The center of mass can be used as representing a whole system only
when the interactions considered are the same (up to approximations)
for all points of the system, or average linearly with respect to
distance, like the computation of the center of mass itself.
This is not so for gravitation, because of the inverse square law of
attraction. The center of gravitation of earth is 6,300 km from us, and
it is 400,000 km for the moon. So the moon is 63 times further away,
and its gravitational effect on objects on the surface of Earth is then 4,000 times weaker for the same amount of
mass. It does have an influence, seen as tides. But we are in no way
atracted towards the center of mass of the moon-earth system.
Note that I talked of center of gravitation of earth, because, if I
remember correctly, a homogenous sphere, or spherical shell, attracts
towards its center. You were quite right on this.
To answer your next question (which you should delete and edit into the first):
(sorry if this is a bit messy, the question, from a very new user, has been evolving a bit too much)
The center of gravity could be defined as the point with respect to
which the torque of external gravitational forces applied to a rigid system
averages to 0 (I do not know whether that is actually done). It is the
same as the center of mass if the system is in a uniform gravity
field. Actually the expression was created for objects in a uniform
gravitaty field. It allows you to compute trajectories, independently
ot rotations. It is often loosely used in place of center of mass.
Except for spheres, it is not the point of gravitational attraction of a
system. As we have just shown, such a point does not exists in
general. If you consider Earth-Moon as a single objet, you are
attracted to the Moon when close to it, and to the Earth when close to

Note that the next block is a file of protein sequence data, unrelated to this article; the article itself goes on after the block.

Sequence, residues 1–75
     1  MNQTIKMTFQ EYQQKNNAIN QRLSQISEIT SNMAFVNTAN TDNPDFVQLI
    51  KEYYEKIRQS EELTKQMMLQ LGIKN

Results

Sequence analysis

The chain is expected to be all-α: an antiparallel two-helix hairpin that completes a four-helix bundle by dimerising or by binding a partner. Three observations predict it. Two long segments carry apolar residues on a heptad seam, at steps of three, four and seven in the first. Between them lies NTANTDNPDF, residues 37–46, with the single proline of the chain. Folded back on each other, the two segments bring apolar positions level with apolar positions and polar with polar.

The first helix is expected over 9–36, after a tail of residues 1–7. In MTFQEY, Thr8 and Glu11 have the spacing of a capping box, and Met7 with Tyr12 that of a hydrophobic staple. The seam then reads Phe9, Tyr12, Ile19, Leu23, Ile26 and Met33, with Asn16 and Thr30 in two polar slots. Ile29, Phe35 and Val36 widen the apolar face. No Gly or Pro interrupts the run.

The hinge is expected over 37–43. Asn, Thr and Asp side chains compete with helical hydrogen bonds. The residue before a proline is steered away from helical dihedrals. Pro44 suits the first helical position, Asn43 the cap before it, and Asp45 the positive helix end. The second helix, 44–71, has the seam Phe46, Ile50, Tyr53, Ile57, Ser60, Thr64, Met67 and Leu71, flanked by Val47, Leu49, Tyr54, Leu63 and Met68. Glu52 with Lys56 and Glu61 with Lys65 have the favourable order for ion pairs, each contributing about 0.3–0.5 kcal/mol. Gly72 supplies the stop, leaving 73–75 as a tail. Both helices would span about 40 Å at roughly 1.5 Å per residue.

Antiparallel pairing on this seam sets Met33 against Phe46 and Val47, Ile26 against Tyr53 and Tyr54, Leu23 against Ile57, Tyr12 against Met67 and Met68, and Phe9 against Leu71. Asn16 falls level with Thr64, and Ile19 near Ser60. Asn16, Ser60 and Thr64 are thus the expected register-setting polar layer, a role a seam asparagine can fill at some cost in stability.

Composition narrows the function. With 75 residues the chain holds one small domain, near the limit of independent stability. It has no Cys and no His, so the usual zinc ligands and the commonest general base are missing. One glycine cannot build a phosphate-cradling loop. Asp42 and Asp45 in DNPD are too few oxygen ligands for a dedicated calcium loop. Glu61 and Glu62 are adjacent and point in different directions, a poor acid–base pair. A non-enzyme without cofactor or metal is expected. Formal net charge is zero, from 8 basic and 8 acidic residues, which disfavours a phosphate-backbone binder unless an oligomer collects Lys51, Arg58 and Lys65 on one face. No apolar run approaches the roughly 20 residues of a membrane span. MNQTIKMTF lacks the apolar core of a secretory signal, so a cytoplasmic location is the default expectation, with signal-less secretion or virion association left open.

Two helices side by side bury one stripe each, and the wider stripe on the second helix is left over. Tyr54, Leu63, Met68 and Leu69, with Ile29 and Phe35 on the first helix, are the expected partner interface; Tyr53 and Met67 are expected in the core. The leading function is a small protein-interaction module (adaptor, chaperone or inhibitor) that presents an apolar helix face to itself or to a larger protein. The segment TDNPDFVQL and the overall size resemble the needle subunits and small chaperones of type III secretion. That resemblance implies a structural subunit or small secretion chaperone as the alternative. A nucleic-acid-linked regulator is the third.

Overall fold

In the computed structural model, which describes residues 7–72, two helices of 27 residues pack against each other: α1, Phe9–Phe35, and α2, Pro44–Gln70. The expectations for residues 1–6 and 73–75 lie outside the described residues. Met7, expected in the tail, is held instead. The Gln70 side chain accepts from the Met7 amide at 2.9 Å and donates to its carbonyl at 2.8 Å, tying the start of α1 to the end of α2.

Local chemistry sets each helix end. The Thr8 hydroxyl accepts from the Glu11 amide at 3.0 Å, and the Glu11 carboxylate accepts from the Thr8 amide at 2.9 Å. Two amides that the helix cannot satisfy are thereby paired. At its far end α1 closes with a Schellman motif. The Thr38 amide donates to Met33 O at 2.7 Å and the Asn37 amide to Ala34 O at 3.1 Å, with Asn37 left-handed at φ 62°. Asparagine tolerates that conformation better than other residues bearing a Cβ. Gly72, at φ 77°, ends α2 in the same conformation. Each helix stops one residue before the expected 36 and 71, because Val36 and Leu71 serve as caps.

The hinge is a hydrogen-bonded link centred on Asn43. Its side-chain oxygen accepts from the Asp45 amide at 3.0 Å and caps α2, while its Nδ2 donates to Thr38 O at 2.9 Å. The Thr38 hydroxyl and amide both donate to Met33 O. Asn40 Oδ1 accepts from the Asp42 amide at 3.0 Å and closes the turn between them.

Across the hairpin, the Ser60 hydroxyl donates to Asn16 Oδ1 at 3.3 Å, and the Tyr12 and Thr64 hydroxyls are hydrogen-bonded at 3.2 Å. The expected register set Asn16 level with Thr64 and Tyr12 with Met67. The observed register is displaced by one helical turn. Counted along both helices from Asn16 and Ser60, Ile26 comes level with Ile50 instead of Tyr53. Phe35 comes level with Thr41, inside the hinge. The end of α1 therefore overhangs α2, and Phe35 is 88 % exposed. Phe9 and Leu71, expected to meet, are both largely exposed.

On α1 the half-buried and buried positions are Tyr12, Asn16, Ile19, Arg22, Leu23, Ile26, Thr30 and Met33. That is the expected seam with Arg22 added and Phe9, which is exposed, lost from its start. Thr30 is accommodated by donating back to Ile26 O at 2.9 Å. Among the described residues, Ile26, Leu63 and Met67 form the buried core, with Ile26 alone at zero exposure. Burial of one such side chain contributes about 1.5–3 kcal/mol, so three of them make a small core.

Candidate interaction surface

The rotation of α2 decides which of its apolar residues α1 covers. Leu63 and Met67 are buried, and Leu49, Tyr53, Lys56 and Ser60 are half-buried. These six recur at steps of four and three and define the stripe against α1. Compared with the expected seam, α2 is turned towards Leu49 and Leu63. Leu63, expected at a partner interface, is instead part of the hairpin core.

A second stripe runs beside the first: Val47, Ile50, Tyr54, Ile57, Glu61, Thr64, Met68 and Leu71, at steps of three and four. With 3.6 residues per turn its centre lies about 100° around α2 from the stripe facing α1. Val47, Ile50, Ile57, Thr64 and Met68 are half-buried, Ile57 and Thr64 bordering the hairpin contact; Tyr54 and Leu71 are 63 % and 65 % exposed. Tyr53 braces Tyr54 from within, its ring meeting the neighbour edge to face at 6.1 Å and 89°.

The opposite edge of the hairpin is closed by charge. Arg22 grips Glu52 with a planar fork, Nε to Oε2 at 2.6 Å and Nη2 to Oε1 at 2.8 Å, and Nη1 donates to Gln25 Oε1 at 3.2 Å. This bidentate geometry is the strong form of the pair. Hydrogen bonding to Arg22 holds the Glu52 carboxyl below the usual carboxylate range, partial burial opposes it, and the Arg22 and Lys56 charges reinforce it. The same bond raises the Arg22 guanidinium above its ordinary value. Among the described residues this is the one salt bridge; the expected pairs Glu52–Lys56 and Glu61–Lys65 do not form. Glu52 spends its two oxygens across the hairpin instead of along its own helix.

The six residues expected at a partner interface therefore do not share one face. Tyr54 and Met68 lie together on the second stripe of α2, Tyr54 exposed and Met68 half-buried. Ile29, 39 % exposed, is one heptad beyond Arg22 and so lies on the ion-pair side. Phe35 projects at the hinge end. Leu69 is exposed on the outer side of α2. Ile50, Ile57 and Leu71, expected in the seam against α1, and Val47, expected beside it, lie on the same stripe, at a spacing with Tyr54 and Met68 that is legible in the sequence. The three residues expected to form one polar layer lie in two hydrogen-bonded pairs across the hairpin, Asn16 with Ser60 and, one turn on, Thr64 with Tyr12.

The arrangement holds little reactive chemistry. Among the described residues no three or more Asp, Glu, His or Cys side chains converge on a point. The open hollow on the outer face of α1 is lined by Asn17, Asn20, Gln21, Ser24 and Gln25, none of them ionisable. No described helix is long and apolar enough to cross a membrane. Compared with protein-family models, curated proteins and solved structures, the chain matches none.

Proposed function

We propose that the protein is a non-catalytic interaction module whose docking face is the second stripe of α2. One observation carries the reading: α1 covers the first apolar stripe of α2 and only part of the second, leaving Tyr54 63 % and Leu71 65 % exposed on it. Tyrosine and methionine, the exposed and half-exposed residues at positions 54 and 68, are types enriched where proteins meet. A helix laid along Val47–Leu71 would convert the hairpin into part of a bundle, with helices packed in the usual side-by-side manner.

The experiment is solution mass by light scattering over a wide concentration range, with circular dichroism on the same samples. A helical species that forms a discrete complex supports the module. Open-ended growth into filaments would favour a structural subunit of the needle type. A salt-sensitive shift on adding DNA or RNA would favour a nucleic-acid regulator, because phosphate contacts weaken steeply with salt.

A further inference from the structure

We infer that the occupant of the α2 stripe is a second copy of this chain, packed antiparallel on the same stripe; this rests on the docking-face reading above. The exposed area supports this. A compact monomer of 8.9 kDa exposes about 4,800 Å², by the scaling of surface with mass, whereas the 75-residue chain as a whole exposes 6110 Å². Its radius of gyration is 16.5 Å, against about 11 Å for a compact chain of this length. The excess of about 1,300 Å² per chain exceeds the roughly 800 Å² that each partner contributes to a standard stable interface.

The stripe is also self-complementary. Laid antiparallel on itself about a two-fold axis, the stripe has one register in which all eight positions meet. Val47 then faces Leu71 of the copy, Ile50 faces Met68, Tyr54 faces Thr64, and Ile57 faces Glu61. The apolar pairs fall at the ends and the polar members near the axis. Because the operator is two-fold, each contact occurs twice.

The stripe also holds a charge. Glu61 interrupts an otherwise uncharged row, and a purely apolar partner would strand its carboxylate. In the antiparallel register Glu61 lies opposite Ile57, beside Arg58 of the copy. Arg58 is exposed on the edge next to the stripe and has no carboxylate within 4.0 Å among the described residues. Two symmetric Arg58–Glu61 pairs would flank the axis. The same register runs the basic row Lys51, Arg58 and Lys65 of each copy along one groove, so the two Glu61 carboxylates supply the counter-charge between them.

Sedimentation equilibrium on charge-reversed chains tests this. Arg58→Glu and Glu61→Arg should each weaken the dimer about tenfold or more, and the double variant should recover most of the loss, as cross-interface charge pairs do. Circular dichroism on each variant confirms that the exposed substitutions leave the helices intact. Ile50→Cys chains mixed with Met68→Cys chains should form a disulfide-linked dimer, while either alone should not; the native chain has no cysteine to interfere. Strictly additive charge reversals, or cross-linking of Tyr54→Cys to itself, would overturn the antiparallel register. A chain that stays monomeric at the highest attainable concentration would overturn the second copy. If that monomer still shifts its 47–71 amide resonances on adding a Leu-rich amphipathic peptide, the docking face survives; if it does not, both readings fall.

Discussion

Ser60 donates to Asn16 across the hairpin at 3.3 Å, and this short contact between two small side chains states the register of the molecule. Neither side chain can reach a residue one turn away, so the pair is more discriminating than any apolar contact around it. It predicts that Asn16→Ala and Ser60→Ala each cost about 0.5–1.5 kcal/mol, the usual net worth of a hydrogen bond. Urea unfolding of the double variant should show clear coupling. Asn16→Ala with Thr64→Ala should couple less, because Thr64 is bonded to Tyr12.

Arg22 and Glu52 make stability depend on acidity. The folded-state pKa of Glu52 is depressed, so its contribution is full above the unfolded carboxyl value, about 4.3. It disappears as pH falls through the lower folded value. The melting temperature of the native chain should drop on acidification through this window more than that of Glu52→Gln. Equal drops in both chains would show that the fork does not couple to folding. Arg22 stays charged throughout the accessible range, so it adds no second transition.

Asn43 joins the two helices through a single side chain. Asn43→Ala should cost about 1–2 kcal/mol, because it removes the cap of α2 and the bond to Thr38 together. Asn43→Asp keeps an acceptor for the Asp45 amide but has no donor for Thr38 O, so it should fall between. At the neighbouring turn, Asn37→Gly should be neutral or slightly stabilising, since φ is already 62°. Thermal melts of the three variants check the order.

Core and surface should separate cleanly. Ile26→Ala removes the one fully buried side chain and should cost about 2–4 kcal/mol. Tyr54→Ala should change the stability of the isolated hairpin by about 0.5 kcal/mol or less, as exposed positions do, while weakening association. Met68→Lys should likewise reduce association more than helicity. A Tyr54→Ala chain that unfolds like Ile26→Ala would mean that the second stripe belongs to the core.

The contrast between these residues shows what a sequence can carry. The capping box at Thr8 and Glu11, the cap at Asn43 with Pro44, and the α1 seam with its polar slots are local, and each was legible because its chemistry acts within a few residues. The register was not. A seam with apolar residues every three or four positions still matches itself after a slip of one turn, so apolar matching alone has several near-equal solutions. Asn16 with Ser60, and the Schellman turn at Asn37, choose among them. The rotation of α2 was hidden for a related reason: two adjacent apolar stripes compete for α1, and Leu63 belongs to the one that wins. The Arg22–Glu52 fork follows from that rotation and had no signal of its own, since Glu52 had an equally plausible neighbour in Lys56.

it. In general the gravity vectors do not converge through a unique point.
I think you should just forget center of gravity in non uniform
gravity fields. Regarding dark matter, I believe astrophisicists look
at observable mass, and analyze motion with respect to the observed
mass. Given that observed motion does not follow the usual laws, they infere
that it could be because there is some invisible mass that contributes to
the gravity field. It could be that the invisible mass does not have
the same center of mass (visible and invisible
mass attract each other, but they could be rotating around a common
center of mass). But it also has an effect on the speed of rotation of
visible bodies. So, if a proper distribution of such an invisible mass
can explain observed motions, that is a simple explanation for it and
thus it has a good chance of being correct. I think that current Big Bang theories consider that dark matter collapsed before visible matter did
(but do not trust me).
Added later (question evolving): As for the galactic center, even ignoring the fact that there is
usually a very massive black hole there, it is the center of mass.
When two free bodies are satellised around each other (Earth and Moon
for example) there revolve around their common center of mass. But
this does not contradict the fact that a third body can get more
attraction from one than from the other if it is closer to the
former. If big enough, it can also perturb the system.
Indeed the planet Neptune was discovered (actually predicted) by
Leverrier because of the perturbations caused to the
orbit of Uranus.
Rigid bodies can also revolve around their center of mass, in a uniform gravity field, and your barbell might well do that. The galaxy itself can be seen as a body revolving around it center of mass, though this is a bit more complex since it is not a rigid body (I am reaching the limits of my competence).
I guess (literally) a simple way to analyse the galaxy is to
approximate it as a unique body with a given shape (ellipsoid, disk,
...) and a given density distribution. Then you can analyse gravity
within that shape (and outside too if you are a fan of intergalactic travel). This will give you good approximations, as long as
you stay away from large bodies that locally strongly change the
gravitational field, as the end masses of your barbell.
Note also that from far away, compared to the barbell size, it does not make much difference what point in the barbell is considered as center of gravitational attraction.
Last remark : you can actually find asteroïds that have pretty much the shape of your barbell. They do not have a strong gravity field, but computing trajectories is not easy, as it rotates also. It is somewhere on the net, probably Nasa.